- Published on 17 December 2014
- Written by New Zim
MORE than half a million people living with HIV and Aids are in danger as the public hospitals countrywide are experiencing shortages of the anti-retroviral (ARVs) drugs.
So acute is the situation that patients are now being forced to switch to drug combinations something which experts say compromises their health. According to experts mixing of drugs leads to a patient becoming drug resistant which leads to death.
Nazareth hospital is one of the institutions hit by a critical shortage of second line treatment drugs to such an extent that they are now giving adults second line drugs for children.
"I went to check on my drugs but I was given this syrup for children as drugs are said not to be available at the moment. It's like being given paracetamol for children and expect to be healed," the source said.
Zimbabwe HIV and Aids Activist Union (Zhaau) vice president Stanley Takaona said the government has put its people on death row by failing to avail the life-saving drugs.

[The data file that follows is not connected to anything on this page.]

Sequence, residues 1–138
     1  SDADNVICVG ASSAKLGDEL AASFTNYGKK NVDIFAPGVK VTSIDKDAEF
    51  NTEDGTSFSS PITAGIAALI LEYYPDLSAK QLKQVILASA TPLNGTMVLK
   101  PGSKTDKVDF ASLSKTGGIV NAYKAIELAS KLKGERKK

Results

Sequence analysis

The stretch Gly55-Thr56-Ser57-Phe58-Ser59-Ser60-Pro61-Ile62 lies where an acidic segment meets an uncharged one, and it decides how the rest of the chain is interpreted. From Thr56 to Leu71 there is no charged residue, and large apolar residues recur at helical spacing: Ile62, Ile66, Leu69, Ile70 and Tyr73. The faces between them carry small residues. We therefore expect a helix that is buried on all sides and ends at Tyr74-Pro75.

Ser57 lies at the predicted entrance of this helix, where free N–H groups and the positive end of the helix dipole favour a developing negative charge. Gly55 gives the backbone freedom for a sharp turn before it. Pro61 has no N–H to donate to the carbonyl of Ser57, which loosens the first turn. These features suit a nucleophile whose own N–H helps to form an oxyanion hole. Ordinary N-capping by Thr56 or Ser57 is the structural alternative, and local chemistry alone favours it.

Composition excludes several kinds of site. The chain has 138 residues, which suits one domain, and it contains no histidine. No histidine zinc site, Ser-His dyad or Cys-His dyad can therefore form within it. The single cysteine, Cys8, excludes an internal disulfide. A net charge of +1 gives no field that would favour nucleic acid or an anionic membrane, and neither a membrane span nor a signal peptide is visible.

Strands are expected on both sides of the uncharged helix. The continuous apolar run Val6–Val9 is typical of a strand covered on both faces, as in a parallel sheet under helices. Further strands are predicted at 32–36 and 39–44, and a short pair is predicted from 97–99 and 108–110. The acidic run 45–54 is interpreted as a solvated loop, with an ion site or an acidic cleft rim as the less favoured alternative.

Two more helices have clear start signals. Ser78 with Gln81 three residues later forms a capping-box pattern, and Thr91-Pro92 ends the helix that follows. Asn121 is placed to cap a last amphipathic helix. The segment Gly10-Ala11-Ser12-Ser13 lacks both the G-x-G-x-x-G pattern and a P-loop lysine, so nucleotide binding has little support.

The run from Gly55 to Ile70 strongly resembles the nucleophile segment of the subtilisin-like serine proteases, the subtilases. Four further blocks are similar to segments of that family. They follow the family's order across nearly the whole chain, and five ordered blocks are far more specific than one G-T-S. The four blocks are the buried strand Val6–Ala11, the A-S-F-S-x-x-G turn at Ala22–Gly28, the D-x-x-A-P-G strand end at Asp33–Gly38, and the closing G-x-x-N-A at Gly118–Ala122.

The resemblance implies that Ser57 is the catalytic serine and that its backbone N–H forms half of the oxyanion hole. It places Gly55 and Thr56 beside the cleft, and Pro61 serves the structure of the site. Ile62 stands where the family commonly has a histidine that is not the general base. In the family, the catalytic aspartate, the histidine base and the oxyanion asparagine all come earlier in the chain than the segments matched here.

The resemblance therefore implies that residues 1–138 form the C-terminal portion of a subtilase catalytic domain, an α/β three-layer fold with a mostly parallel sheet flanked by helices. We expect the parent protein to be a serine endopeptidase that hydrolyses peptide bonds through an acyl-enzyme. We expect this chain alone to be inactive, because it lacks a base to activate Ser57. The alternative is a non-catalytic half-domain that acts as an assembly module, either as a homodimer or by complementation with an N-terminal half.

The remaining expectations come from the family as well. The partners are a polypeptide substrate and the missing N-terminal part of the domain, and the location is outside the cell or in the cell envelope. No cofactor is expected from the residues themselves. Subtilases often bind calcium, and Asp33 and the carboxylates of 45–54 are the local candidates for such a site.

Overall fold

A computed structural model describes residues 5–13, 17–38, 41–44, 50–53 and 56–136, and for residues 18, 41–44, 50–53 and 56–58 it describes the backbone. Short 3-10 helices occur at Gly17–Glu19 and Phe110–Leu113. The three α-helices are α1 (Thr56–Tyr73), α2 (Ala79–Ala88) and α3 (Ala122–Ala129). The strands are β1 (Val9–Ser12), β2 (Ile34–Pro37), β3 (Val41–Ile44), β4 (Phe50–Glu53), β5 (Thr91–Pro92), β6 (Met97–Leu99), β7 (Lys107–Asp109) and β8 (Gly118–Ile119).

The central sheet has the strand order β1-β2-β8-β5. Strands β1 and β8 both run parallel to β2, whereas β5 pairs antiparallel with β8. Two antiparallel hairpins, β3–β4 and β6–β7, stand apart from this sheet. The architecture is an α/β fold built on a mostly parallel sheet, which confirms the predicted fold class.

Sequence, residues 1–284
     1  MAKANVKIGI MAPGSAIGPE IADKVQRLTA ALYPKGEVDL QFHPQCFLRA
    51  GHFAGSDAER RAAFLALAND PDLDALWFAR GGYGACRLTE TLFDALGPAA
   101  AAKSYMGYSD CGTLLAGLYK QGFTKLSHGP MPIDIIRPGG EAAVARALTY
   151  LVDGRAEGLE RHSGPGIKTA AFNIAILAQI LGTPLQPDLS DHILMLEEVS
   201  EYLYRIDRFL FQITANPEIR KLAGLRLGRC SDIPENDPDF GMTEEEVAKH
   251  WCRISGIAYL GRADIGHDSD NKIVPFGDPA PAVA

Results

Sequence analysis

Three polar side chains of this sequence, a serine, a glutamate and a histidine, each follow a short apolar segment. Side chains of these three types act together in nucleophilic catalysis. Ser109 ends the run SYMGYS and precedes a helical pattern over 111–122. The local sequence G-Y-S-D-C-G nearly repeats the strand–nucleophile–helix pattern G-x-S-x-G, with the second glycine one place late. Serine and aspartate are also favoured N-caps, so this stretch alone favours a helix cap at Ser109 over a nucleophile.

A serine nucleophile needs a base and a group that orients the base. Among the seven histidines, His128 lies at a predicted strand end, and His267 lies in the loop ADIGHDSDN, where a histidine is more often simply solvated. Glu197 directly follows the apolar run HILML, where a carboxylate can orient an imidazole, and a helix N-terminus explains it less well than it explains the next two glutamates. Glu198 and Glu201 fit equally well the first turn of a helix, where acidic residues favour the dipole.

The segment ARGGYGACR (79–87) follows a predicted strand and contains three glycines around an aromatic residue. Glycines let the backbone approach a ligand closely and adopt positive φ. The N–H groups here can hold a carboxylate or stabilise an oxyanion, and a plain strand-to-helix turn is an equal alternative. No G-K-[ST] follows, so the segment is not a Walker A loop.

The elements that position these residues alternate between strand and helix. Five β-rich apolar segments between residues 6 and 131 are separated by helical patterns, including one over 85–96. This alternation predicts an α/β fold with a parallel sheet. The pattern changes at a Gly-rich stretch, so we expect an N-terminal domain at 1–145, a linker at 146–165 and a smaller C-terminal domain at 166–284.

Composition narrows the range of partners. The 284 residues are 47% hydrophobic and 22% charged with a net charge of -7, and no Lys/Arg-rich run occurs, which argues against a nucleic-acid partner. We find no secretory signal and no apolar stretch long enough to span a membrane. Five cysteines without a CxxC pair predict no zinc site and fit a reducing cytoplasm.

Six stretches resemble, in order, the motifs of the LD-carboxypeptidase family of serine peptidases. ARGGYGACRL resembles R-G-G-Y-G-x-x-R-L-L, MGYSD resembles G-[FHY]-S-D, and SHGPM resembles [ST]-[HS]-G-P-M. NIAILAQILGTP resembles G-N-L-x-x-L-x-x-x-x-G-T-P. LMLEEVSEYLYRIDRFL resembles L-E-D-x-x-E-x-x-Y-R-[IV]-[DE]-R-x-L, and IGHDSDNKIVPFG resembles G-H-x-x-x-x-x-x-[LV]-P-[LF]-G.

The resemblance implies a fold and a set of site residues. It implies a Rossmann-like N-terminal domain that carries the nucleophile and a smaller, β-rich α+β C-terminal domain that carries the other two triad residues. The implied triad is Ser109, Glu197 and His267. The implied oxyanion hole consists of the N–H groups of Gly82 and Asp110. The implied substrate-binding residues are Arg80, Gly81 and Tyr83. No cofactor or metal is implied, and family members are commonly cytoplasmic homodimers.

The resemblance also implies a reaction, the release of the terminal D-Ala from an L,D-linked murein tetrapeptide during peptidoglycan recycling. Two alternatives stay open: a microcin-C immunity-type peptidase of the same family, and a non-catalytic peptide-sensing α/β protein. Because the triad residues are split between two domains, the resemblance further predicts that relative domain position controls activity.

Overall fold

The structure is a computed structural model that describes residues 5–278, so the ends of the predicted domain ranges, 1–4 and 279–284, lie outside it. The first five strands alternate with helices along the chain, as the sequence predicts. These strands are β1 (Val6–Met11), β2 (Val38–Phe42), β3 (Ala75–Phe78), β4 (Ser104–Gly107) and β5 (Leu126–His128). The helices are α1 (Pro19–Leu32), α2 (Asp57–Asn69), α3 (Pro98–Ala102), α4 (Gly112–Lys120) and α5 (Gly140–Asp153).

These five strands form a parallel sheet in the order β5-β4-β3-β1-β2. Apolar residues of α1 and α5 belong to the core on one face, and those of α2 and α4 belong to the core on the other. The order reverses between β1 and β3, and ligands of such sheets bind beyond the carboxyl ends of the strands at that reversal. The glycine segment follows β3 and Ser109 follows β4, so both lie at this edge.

"This is surprising because last week we went for a community monitoring project in Mashonaland Central and what we saw was shocking. In Mashonaland Central children are being given medication meant for adults, the opposite of what is happening at Nazareth hospital," Takaona said.
Zimbabwe in 2012 switched to Tenofovier, a new ARV regimen following guidelines released by the World Health Organisations. The new drug is said to have lesser side effects compared to Stalanev which the government has been prescribing to all HIV patients.
However since the introduction of the new drugs there has been a decline in the supply of ARVs in all public institutions leading to patients being given one week supply instead of two months or at times given the old drugs that have serious side effects.
Early this year government approached the United Nations Development Programme (UNDP) to help ease the drug shortages through the Global Fund.
UNDP insiders said while the Health ministry approached their organisation there have been challenges in shipping the drugs in order to meet the demand and that government should play its role in procuring drugs rather than blaming their partners.